Illness slows Mahathir’s attacks on his successor
|Our Correspondent||May 16, 2007|
It’s unclear today just how sick former Malaysian Prime Minister Mahathir Mohamad is after having been hospitalized Monday with what were described as breathing difficulties. But as much as anything, the 81-year-old former premier’s hospitalization has put on hold an increasingly frenetic schedule of bombarding his successor’s government with accusations of avarice, incompetence and treachery
Mahathir was first hospitalized on the island of Langkawi, where he spends much of his time to rest and relax. After the ailing former strongman was transferred to the National Heart Institute in Kuala Lumpur, his daughter, Marina Mahathir, told Asia Sentinel he was “much better” and an aide described his mood as “cheerful. Hospital officials said he could be discharged in a few days.
Mahathir had been on a whirlwind tour trying to influence United Malays National Organisation divisions and constituencies in a probably vain but certainly entertaining attempt to regain some of the clout he lost when he gave up the premiership in 2003, after 22 years in power. Over the weekend, just before his hospitalization, he attended an old boys’ gathering of the Class of ‘47, King Edward College of Medicine, Singapore in Bukit Merah, in the state of Perak. He also delivered a keynote address for an UMNO Youth event in Perak, with the packed hall cheering as he attempted to speak. Spectators egged him on as so-called “soft” campaigning intensifies for impending general elections expected in the near future. However, other than Perak, he has largely been frozen out of UMNO politics and has been reduced to jousting from the outside since August 2006, when he complained that party leaders had issued a gag order to keep him from talking to party branches and individual units.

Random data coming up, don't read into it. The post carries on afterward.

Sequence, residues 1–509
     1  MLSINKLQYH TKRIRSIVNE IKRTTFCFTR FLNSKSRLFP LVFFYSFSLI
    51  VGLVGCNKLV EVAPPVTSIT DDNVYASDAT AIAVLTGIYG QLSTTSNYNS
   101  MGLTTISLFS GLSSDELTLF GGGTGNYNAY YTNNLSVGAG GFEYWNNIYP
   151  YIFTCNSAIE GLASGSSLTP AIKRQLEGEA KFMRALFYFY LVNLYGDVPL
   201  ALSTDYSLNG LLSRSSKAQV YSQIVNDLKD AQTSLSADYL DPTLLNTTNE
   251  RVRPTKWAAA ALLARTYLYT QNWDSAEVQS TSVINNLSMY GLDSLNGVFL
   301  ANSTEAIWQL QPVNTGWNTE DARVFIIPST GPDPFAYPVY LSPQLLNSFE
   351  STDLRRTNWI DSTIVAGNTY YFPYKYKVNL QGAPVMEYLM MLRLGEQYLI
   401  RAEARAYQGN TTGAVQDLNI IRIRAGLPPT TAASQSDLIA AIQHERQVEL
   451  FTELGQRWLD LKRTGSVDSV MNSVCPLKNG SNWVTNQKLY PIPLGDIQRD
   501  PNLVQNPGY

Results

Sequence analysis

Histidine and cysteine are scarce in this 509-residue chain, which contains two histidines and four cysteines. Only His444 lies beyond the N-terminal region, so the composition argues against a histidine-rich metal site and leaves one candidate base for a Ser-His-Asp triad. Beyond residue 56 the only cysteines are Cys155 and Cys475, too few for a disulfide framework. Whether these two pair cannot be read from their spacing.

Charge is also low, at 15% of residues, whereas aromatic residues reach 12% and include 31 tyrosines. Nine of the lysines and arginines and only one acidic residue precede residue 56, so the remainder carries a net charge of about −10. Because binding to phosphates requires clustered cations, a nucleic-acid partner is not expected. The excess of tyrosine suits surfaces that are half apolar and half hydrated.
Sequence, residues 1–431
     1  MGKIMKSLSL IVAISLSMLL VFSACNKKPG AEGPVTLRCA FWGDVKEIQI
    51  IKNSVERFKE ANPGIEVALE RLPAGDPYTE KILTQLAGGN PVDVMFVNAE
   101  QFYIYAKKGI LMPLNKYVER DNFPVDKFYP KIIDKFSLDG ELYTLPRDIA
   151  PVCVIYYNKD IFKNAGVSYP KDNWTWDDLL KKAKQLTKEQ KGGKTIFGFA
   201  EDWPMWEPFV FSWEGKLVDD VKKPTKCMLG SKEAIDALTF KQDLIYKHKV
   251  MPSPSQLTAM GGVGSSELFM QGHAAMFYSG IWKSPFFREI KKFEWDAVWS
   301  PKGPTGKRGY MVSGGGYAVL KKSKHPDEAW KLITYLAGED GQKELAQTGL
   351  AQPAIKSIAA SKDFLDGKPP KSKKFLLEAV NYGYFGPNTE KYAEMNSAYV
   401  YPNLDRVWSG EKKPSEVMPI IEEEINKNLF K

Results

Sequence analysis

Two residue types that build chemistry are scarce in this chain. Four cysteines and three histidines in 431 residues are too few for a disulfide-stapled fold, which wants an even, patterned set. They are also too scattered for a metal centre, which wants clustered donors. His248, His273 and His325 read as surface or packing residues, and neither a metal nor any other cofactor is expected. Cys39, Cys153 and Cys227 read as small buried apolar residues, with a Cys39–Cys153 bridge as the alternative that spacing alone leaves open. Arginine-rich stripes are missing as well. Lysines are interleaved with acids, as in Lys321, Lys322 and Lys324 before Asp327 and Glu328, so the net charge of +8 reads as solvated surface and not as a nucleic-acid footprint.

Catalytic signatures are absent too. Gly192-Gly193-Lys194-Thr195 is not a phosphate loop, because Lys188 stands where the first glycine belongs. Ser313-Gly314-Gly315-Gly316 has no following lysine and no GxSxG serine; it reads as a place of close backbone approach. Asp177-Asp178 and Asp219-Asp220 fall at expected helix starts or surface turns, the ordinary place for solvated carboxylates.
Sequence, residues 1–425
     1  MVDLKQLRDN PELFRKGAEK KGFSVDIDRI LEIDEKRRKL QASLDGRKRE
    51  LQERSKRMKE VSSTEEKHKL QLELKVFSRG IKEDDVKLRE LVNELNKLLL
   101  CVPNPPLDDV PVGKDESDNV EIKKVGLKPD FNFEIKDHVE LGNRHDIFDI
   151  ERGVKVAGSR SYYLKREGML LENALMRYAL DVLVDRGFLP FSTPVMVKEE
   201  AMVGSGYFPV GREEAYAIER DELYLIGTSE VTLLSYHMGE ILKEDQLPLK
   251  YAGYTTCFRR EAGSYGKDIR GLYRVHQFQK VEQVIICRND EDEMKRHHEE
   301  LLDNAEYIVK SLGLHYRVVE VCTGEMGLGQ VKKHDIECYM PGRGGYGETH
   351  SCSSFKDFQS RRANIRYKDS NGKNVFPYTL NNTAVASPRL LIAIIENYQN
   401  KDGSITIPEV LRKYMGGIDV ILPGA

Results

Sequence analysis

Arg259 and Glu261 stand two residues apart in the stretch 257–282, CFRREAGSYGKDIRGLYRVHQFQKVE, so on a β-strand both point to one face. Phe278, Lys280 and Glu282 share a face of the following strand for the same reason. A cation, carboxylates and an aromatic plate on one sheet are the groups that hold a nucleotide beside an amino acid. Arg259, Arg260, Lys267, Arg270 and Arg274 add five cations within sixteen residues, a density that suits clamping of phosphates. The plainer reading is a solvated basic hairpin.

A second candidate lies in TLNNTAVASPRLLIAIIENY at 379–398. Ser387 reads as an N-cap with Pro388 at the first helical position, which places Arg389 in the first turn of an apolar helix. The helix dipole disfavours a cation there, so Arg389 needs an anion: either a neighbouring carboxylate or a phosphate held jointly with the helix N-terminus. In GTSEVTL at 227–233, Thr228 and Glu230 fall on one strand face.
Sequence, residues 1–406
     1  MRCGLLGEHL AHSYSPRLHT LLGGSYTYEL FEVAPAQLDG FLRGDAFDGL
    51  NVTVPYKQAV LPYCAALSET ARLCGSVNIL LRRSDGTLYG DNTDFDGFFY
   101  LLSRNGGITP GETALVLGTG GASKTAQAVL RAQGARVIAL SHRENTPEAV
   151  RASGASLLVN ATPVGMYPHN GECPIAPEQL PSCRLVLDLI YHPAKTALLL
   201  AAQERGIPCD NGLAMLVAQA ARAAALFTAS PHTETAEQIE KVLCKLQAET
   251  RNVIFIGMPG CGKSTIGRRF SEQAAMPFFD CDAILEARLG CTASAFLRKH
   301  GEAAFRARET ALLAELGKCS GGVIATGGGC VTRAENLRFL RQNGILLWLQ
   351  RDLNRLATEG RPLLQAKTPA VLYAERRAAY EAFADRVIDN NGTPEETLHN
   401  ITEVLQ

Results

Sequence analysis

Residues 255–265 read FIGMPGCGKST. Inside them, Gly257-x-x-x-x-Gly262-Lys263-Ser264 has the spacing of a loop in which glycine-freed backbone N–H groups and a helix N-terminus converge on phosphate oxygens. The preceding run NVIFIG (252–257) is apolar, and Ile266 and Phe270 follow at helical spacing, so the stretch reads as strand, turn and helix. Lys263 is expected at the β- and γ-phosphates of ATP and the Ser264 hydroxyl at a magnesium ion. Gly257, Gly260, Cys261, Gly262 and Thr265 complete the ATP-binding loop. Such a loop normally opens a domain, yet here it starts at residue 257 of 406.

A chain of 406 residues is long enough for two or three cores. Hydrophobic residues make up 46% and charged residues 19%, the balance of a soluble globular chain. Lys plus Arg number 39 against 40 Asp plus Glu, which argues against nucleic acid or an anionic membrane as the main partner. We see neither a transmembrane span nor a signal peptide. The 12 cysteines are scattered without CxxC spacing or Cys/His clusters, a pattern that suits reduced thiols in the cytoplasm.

Recent by-elections in the Ijok and Machap districts were hard fought by the ruling Barisan Nasional coalition against the opposition Keadilan party, headed by Anwar Ibrahim, Mahathir’s former deputy premier, whom Mahathir jailed on charges of sexual abuse and corruption that many observers thought were trumped up. The Barisan prevailed in both by-elections, although in the face of widespread allegations of vote-buying and other irregularities.
However, there were gains by the opposition Democratic Action Party (DAP) among Chinese voters in what political analysts describe as discontent over the pro-Bumiputera, or native Malay, affirmative action policy and the state of the economy.
Mahathir had urged voters to deliver a message to what he called the “rotten government” in the by-election, surprising many observers who perceived his words to be a call for voters to back the opposition. It wasn’t. Despite his beating up on the Barisan, he has said he would not support the opposition, because he does not want to be regarded as a traitor to UMNO.
On Sunday, the local tabloid The Star, controlled by the Malaysian Chinese Association, the ethnic Chinese party in the ruling coalition, carried a piece depicting Mahathir as possibly aiding the opposition. Mahathir denied the allegation and defended his right to speak out. Supporters say that this is just an attempt to label Mahathir as the enemy and isolate him from grassroots UMNO members.
Mahathir’s punishing schedule has been a cause of concern for his family, but the former premier didn’t let up until he was carted off to the hospital. This is perhaps his last hurrah, a final chance, as he sees it, to set things right and deliver a blow to the ruling coalition’s confidence in Abdullah Badawi.
It may be a Quixotic effort, as his influence seems inevitably to be waning along with his health. He was bitterly disappointed during the UMNO general assembly in October 2006, when he lost a divisional election and was denied the chance to address delegates in his quest to oust his successor.
Mahathir suffered a mild stroke in November last year, caused by a clot that restricted blood flow in one of his arteries, but subsequently recovered fully. He also suffered a heart attack in 1989 and underwent bypass surgery. Supporters flocked to the hospital hoping to get news on his condition and to see him, however doctors have advised that he rest and only close relatives are permitted to enter his ward.
Mahathir’s hospitalization was an added shock as it happened just a day after Internet rumors reported that Abdullah Badawi himself had collapsed. The Prime Minster denied the report and attributed his unsteadiness at a ceremony in Perak to heat exhaustion and lack of sleep the night before. His physicians say Abdullah Badawi is in good health.